U.S. imposes ban on Russian oil, energy imports

U.S. President Joe Biden announces actions against Russia for its war in Ukraine, during remarks in the Roosevelt Room at the White House in Washington, U.S.

U.S. President Joe Biden on Tuesday imposed an immediate ban on Russian oil and other energy imports in retaliation for the invasion of Ukraine, amid strong support from American voters and lawmakers, even though the move will drive up U.S. energy prices.

“We’re banning all imports of Russian oil and gas energy,” Biden told reporters at the White House. “That means Russian oil will no longer be acceptable in U.S. ports and the American people will deal another powerful blow to (Russian President Vladimir) Putin’s war machine.”

The ban caps sweeping U.S. and European sanctions imposed on Moscow for launching the largest war in Europe since World War Two. Russian strikes have targeted Ukrainian cities and killed hundreds of civilians, some as they tried to flee their homes. read more

Biden, who has pledged that U.S. soldiers will not go to Ukraine to fight, voiced America’s support for the Ukrainian people, and predicted their ultimate victory.

“Russia may continue to grind out its advance at a horrible price, but this much is already clear: Ukraine will never be a victory for Putin. Putin may be able to take a city, but he’ll never be able to hold the country,” he said.

Oil prices jumped on the news, with Benchmark Brent crude LCOc1 for May climbing by 5.4% to $129.91 a barrel by 1345 GMT.

Retail gasoline prices in the United States surged to an all-time record on Tuesday, with the average cost of a retail gallon of gasoline hitting $4.173 early Tuesday, according to the American Automobile Association.

Biden signed an executive order on the ban soon after his remarks. The ban goes into effect immediately, but gives buyers 45 days to wind down existing contracts, a senior administration official told reporters.

The move also bans new U.S. investment in Russia’s energy sector, and prohibits Americans from participating in any foreign investments that flow into the Russian energy sector, the official said.

Biden has been working with allies in Europe, who are far more dependent on Russian oil, to isolate Russia’s energy-heavy economy and Putin. Britain announced shortly before Biden’s remarks that it would phase out the import of Russian oil and oil products by the end of 2022.

The United States consulted closely with allies on the ban, but did not ask them to join in, and did not expect that they would, the official said.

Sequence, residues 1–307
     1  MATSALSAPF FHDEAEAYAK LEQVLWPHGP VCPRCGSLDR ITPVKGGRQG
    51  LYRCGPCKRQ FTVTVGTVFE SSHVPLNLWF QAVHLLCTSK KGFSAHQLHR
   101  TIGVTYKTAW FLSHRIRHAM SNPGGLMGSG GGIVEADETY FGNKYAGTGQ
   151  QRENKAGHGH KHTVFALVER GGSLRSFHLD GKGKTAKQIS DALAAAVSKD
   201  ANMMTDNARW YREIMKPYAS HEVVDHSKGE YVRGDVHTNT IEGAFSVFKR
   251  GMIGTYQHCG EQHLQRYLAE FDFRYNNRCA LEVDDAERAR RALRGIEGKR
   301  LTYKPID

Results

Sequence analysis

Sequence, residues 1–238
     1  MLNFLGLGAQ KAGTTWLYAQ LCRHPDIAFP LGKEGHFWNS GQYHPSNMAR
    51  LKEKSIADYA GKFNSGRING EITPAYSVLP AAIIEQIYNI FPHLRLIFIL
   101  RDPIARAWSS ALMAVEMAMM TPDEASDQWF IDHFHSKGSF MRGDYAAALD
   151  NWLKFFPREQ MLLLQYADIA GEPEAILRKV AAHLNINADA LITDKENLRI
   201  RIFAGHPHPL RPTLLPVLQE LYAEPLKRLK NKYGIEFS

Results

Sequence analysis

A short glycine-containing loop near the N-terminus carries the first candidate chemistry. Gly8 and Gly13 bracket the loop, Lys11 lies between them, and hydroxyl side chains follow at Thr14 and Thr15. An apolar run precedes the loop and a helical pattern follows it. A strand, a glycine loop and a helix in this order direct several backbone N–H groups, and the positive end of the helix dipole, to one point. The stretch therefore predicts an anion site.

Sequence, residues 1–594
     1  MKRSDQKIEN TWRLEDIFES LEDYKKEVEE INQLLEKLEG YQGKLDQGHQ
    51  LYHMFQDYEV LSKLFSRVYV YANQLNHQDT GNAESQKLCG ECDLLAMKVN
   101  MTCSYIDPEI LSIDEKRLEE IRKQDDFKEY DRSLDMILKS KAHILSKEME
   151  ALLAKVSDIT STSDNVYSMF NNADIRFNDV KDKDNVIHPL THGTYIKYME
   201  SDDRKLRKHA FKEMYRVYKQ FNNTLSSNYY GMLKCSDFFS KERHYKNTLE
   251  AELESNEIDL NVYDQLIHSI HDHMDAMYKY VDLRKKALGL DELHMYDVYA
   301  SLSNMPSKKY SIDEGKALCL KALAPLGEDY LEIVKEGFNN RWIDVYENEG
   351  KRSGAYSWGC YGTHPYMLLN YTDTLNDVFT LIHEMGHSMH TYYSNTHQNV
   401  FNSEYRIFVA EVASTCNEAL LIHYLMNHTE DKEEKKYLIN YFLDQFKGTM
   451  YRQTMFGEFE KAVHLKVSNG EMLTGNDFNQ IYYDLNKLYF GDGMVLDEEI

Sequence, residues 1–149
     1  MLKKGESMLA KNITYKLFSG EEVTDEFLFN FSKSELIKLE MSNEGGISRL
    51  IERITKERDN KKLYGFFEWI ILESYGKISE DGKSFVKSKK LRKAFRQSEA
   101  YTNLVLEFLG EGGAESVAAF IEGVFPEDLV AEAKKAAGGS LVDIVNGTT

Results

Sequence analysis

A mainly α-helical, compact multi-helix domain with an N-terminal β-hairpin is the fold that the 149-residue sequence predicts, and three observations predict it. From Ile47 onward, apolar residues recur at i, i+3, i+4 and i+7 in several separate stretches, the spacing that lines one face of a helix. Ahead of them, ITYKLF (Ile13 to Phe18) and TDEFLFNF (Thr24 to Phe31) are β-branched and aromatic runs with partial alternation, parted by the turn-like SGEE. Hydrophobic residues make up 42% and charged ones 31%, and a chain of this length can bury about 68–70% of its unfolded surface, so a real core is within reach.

Russia exports between 4 and 5 million bbls of crude a day and about 8,500 billion cubic feet of natural gas annually.

Biden said sanctions imposed by the United States and its allies had already caused the Russian economy to “crater” and vowed to continue ratcheting up pressure on Moscow to stop a war that forced more than 2 million people to flee the country.

The United States imported more than 20.4 million barrels of crude and refined products a month on average from Russia in 2021, about 8% of U.S. liquid fuel imports, according to the Energy Information Administration. The United States also imports a negligible amount of coal from Russia.

Biden predicted prices would rise further as a result of “Putin’s war,” but pledged to do all he could to ease the pain for the American people. He also warned U.S. companies against profiteering or otherwise exploiting the situation.

“The decision today is not without costs here at home. Putin’s war is already hurting American families at the gas pump … I’m going to do everything I can to minimize Putin’s price hikes here at home,” Biden said.

“Russia’s aggression is costing us all. It is not time for profiteering,” said the Democratic president, who has repeatedly targeted big U.S. companies for unfairly jacking up prices.

In November, Biden had cited mounting evidence of anti-consumer behavior by oil and gas companies and asked the Federal Trade Commission to dig deeper into possible “illegal conduct” in the market.

Biden’s Democrats face tough congressional midterm elections in November when Biden’s handling of the economy, and particularly rising prices, is expected to be a main issue with voters.

U.S. presidents are particularly vulnerable to criticism over high gasoline prices because of the country’s reliance on gas-guzzing vehicles and lack of public transporation.

Republican National Committee Chair Ronna McDaniel was among the Republicans on Tuesday to blame Biden’s policies for high gas prices, even though many supported banning Russian oil imports.

U.S. House of Representatives Speaker Nancy Pelosi lauded the import ban and said the House would pass strong, bipartisan legislation to support the move on Tuesday, including taking steps to review Russia’s access to the World Trade Organization and paving the way for further sanctions. Biden rejected Republican claims that his administration’s policies were restraining U.S. energy production, noting that some 9,000 permits were not being used by oil and gas firms.

“We’re approaching a record (level) of oil and gas production in the United States and we’re on track to set a record level of production next year,” he said.

U.S. Senator Chris Coons said gasoline prices would rise in the United States and Europe. “That’s the cost of standing up for freedom and standing alongside the Ukrainian people, but it’s going to cost us,” Coons told CNN.

Biden said the crisis also highlighted the importance of transitioning to clean energy supplies.

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